Author Name:

Kelvin Samwata, National Worker, Chingola, Zambia

Author Bio:

Kelvin and his wife are national workers serving in Zambia. Kelvin is involved in the many aspects of the Lord’s work within Zambia and globally, including distribution of literature. They have 4 children and 1 grandson. They are currently based in Zambia at Musenga Mission, Chingola, on the Copperbelt.

What does it mean to waste life?

This is a burning question that all human beings need to face as individuals. Many are wasting the time that God has given us on temporal things. Many are sacrificing their lives on the altar of materialism. And many people, by time they realise that they have wasted their lives, conclude that it is too late to make any meaningful changes.

In 1977, a friend of mine stepped on a landmine and died instantly. Their death got me to thinking – what is life all about? I had lived my life in the USA working in the corporate world and all that it entails. Then one day in 1984, while on leave, my mother invited me to attend a conference at the local brethren church in Chingola. I wasn’t keen to go but, just to please her, I went. That night I got utterly saved and everything within me changed.  I have never come back to the ‘World’!

Transformation

There was an inward and outward transformation within me.  I now looked on life and the world with a different pair of lenses—the lenses of Jesus Christ. My life started to have meaning, as I was no longer on a broad road where many waste their lives. I was now able to see our communities in a different perspective. I came to know that God loves me dearly and that he had liberated me from the bondage of self.

I now no longer saw Christianity as a facsimile of Victorian culture, or as a tool of the Colonialists. From reading the Scriptures, I came to know and understand the reality that I can now enjoy knowing the Lord forever. And that Jesus Christ sacrificed His life for my sake, that I would live a life pleasing to God. I also suddenly realised that I was the means of reaching out to others in need (both spiritually and materially) in my community – wherever that community was.

If I give up my life to him, if I die to myself, then I will produce a harvest for my Lord (John 12:24-26). In 2 Corinthians 4:7, Paul says ‘We have this treasure in jars of clay to show that this all surpassing power is from God and not from us’. The treasure is the gospel message we proclaim. The jars of clay are ordinary Christians like you and me who must proclaim Christ. And the Lord has a call on my life – I am a missionary. Lives become touched by the gospel, leading to transformed communities of people to God’s glory. I pray for myself, that I will set my face like a flint to follow Jesus Christ on the Calvary road (Hebrews 13:13-14). All I need to do is to be obedient and faithful to God, and leave the outcomes to Him.

Lives become touched by the gospel, leading to transformed communities of people to God’s glory.

Obedience to God

The problem of street children has been an issue that has touched my heart now for a long time. To me, working amongst street children and other vulnerable children is not a project; it is about the life of Christ in the children. The Lord impressed upon my heart many years ago that people, not projects, must come first. Jesus Christ died for people.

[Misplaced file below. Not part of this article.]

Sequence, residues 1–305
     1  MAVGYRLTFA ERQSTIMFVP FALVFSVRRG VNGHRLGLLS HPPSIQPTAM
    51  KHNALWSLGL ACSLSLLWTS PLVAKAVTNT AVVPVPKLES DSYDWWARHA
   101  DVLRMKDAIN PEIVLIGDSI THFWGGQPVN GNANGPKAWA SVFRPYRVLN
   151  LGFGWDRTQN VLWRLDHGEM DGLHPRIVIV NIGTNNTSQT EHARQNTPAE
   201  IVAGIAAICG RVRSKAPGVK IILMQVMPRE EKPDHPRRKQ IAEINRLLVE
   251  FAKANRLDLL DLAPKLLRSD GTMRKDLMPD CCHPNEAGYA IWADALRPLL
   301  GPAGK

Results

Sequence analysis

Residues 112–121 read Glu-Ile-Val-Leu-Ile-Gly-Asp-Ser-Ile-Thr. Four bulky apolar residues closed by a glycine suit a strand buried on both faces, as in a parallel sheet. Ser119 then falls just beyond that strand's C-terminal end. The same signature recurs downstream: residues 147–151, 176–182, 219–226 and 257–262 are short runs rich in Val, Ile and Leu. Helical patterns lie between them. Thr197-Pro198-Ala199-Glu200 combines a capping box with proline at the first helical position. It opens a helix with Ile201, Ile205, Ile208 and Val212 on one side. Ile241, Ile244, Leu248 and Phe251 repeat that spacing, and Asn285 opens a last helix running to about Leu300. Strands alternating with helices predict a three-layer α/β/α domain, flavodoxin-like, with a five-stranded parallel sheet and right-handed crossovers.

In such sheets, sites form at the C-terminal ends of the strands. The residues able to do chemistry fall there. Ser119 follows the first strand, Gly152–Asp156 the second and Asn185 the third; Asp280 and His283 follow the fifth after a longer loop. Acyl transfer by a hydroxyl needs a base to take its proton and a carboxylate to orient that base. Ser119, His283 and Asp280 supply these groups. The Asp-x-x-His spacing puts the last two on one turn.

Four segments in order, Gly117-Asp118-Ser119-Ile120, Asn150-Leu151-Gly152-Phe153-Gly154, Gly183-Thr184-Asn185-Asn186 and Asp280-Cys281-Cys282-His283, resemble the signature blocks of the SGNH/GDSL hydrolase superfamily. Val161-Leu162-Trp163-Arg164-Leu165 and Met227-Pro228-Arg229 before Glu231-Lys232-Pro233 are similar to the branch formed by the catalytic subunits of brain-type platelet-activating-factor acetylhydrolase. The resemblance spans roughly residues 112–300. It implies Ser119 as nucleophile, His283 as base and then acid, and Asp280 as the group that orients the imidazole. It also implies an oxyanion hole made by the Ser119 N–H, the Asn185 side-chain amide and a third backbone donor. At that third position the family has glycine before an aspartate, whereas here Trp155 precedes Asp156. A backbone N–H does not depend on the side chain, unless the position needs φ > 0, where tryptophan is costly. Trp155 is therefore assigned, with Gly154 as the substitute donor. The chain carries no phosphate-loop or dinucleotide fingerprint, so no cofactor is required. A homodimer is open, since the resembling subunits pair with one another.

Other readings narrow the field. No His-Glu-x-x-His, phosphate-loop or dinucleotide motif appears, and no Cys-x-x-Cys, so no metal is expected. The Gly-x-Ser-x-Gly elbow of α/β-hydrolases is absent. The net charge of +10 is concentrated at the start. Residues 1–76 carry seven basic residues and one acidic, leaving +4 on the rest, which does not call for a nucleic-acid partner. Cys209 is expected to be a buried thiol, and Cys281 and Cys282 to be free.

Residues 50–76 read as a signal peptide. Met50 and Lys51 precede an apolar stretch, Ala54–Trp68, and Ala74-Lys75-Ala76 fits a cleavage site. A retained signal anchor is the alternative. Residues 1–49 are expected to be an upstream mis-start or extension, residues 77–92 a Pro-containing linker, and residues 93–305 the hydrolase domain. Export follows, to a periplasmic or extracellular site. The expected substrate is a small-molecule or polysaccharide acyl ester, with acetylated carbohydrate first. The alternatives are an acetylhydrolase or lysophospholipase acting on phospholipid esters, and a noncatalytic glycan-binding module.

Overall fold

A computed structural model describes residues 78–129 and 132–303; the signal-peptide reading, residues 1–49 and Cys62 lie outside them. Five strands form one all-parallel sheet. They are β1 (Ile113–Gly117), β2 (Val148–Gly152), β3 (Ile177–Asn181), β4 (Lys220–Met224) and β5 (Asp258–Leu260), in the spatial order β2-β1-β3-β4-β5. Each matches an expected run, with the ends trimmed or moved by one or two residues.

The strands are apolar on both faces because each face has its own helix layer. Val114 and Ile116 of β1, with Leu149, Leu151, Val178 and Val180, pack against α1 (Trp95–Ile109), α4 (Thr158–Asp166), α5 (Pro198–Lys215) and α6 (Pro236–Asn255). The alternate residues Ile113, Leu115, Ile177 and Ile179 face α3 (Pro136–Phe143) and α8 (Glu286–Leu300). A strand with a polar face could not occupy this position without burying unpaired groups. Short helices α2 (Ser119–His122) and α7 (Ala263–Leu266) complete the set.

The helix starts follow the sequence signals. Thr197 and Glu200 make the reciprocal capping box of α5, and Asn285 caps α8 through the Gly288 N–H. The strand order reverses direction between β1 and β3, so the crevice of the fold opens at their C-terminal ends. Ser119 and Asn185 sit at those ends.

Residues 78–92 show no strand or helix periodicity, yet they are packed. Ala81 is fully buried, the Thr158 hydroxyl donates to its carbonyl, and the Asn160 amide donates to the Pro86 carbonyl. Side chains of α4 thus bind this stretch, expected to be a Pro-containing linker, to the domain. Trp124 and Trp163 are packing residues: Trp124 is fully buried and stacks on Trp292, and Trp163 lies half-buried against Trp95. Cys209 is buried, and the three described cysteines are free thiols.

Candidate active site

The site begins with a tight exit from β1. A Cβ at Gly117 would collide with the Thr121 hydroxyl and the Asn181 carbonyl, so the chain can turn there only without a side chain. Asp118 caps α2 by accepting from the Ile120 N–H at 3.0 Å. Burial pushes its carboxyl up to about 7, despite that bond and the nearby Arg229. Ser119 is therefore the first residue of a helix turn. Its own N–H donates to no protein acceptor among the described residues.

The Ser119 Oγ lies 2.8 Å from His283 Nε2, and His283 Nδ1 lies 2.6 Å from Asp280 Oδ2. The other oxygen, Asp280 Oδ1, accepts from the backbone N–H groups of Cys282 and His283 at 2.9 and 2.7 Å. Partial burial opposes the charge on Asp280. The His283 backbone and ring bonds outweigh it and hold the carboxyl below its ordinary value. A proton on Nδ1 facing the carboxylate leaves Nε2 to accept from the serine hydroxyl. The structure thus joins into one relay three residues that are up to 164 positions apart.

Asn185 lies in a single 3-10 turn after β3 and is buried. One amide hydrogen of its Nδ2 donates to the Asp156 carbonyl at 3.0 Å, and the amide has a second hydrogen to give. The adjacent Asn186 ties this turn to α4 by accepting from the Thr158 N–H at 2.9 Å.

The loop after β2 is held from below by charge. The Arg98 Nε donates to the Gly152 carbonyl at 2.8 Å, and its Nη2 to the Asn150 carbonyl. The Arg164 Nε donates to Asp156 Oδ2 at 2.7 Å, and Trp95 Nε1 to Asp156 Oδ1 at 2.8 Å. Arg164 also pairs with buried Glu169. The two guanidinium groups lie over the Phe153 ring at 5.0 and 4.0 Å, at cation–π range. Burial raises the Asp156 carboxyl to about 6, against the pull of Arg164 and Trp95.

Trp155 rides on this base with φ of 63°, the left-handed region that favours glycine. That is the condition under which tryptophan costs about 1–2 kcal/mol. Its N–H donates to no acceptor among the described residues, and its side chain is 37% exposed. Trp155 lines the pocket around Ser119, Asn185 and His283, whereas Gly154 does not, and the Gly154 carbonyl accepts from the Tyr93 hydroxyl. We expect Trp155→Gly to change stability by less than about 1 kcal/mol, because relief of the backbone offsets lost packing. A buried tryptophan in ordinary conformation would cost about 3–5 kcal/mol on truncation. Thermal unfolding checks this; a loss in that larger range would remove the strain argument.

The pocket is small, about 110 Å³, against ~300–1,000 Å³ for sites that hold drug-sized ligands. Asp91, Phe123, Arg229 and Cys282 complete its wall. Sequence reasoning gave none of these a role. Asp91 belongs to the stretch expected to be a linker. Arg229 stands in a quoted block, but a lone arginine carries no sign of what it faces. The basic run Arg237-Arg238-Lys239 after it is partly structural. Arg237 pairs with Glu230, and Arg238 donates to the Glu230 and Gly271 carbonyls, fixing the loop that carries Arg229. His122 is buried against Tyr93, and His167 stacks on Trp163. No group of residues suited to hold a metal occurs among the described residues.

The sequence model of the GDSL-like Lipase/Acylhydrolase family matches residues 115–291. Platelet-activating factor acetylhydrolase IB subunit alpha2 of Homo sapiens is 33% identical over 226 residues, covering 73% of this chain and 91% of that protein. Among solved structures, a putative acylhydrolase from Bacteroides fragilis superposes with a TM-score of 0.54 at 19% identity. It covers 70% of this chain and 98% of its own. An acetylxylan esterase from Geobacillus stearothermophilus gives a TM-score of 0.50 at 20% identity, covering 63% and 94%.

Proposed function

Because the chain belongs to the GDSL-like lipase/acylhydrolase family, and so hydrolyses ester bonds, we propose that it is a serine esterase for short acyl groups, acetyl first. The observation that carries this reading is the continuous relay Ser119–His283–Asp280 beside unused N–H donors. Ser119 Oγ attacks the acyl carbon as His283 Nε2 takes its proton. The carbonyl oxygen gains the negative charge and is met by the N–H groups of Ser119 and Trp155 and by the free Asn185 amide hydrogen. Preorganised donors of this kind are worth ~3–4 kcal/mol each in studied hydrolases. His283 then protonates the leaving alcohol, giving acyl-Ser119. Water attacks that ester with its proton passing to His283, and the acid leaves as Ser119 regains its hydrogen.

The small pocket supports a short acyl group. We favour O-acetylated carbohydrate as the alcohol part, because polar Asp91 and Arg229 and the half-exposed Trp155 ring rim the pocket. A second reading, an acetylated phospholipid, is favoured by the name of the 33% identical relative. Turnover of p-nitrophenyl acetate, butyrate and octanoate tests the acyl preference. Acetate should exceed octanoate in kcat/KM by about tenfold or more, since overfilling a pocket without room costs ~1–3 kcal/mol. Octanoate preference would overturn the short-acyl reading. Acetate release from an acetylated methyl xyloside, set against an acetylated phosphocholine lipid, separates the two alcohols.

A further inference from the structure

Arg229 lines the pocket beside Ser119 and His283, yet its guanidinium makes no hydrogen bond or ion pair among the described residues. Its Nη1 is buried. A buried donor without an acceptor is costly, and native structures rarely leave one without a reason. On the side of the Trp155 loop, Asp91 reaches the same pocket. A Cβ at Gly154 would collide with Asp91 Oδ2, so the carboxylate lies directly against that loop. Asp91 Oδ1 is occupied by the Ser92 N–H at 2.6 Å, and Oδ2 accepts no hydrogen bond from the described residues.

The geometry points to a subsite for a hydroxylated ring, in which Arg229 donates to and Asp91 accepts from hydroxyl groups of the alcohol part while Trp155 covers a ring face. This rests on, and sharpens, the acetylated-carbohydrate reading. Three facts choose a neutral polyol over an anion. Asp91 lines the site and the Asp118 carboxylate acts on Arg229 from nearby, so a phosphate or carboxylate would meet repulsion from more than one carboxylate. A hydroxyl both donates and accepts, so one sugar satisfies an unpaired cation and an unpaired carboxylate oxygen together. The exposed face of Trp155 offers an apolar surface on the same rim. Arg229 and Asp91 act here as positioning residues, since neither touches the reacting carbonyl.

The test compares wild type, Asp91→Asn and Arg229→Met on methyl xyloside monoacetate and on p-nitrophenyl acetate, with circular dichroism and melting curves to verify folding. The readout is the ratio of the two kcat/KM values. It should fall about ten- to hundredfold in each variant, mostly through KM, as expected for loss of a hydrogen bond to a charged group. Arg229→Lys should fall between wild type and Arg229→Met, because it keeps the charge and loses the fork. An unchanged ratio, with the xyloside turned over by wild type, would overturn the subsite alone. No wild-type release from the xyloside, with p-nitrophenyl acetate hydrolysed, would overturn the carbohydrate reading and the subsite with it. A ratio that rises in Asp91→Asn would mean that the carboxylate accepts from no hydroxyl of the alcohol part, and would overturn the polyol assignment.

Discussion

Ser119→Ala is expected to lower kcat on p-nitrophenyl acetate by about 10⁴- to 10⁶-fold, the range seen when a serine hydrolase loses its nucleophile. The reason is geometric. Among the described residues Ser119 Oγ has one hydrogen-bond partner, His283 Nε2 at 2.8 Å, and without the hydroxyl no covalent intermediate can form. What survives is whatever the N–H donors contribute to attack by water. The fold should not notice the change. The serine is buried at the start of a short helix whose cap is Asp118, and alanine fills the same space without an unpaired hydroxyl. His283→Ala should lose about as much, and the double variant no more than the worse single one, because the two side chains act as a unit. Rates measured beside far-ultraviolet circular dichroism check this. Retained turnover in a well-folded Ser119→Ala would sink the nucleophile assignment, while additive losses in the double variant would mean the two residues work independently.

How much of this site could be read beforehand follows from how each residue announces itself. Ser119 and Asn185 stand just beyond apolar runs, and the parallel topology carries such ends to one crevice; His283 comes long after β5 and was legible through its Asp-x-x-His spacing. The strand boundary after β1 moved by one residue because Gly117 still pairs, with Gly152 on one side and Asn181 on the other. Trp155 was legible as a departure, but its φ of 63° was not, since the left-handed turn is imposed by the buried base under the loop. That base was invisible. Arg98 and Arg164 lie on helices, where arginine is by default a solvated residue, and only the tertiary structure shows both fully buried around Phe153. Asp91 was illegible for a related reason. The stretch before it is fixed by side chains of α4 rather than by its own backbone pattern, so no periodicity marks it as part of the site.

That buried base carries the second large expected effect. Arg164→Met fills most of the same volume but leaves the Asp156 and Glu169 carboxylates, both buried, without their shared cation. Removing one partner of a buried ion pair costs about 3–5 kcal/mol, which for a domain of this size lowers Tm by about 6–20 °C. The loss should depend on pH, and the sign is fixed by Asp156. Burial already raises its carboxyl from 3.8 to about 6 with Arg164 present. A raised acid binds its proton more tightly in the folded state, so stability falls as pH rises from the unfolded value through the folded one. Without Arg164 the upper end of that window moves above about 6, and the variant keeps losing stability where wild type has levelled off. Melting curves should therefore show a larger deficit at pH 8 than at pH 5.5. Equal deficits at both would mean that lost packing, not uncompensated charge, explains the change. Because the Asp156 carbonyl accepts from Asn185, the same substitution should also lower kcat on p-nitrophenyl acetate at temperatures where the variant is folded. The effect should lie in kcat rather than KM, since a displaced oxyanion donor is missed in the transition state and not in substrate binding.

Jesus loves children. He told his disciples to ‘let the little children come to me, and do not hinder them, for the Kingdom of God belongs to such as these’ (Mark 10:14). But throughout Africa many children are not coming to Jesus because they are condemned to a life on the streets. Some of these children are on the streets by day but return home at night, sometimes to parents who demand money from them. Many literally live on the streets, where they experience hardship, fear and insecurity. Drugs and solvents help street children to cope with the scorn, rejection and abuse they receive as they accost adults to demand money.

Some of these children are forced to the streets by their parents’ death from AIDS, by lack of food, or school fees at home, or by physical and sexual abuse. Peer influences and a desire to escape the discipline imposed by home and school draw others.

The church needs to build up love within communities and become an advocate for children who are already on the streets, working to ‘let justice roll on like a river, righteousness like a never-failing stream’ (Amos 5:24). When children cannot see the hand of the Lord, we need to stretch out our hands to them. They need our spiritual guidance, our provision for their basic needs, and access to health services and education. The task is urgent!

Jesus came into this world knowing what it would cost Him. He bore in His pure being the marks of evil that we might be made pure. “…for this I came into the world…” (John 18:37). The gospel points to the person of Christ who went to the cross to transform the world. It was not just the prodigal in the far-off country who squandered the love of the father, the older brother lost out as well, though he was close to the father’s love. I am thankful Christ rescued me from my addiction to self and brought me, changed, into the presence of His Father.

Welcome to the joint blog of Echoes International and GLO. Sharing the thoughts and experiences from experts in mission across the world, we aim to examine the issues facing mission today, and challenge existing views about cross-cultural mission.
Echoes International, Christian Charity, UK